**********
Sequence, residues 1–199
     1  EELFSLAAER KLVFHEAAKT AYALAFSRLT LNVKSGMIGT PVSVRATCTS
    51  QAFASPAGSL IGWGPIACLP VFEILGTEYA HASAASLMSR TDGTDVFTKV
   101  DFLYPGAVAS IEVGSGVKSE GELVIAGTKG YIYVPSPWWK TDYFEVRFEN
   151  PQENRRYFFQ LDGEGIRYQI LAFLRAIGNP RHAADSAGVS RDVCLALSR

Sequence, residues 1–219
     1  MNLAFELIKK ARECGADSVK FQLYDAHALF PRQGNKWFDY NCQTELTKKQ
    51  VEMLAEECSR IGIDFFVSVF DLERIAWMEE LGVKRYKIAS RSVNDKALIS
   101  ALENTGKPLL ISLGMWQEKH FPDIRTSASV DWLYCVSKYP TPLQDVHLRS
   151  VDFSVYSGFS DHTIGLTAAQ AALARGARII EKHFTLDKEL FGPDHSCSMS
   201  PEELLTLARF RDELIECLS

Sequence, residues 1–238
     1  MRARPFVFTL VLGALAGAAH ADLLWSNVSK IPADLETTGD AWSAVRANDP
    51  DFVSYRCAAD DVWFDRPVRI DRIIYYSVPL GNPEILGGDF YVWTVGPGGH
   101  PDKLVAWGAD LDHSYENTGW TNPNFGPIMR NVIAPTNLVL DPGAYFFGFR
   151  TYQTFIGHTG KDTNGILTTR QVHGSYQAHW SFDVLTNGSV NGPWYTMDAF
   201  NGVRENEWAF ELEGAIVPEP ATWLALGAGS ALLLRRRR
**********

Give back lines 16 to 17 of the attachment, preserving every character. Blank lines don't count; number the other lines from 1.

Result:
   151  TYQTFIGHTG KDTNGILTTR QVHGSYQAHW SFDVLTNGSV NGPWYTMDAF
   201  NGVRENEWAF ELEGAIVPEP ATWLALGAGS ALLLRRRR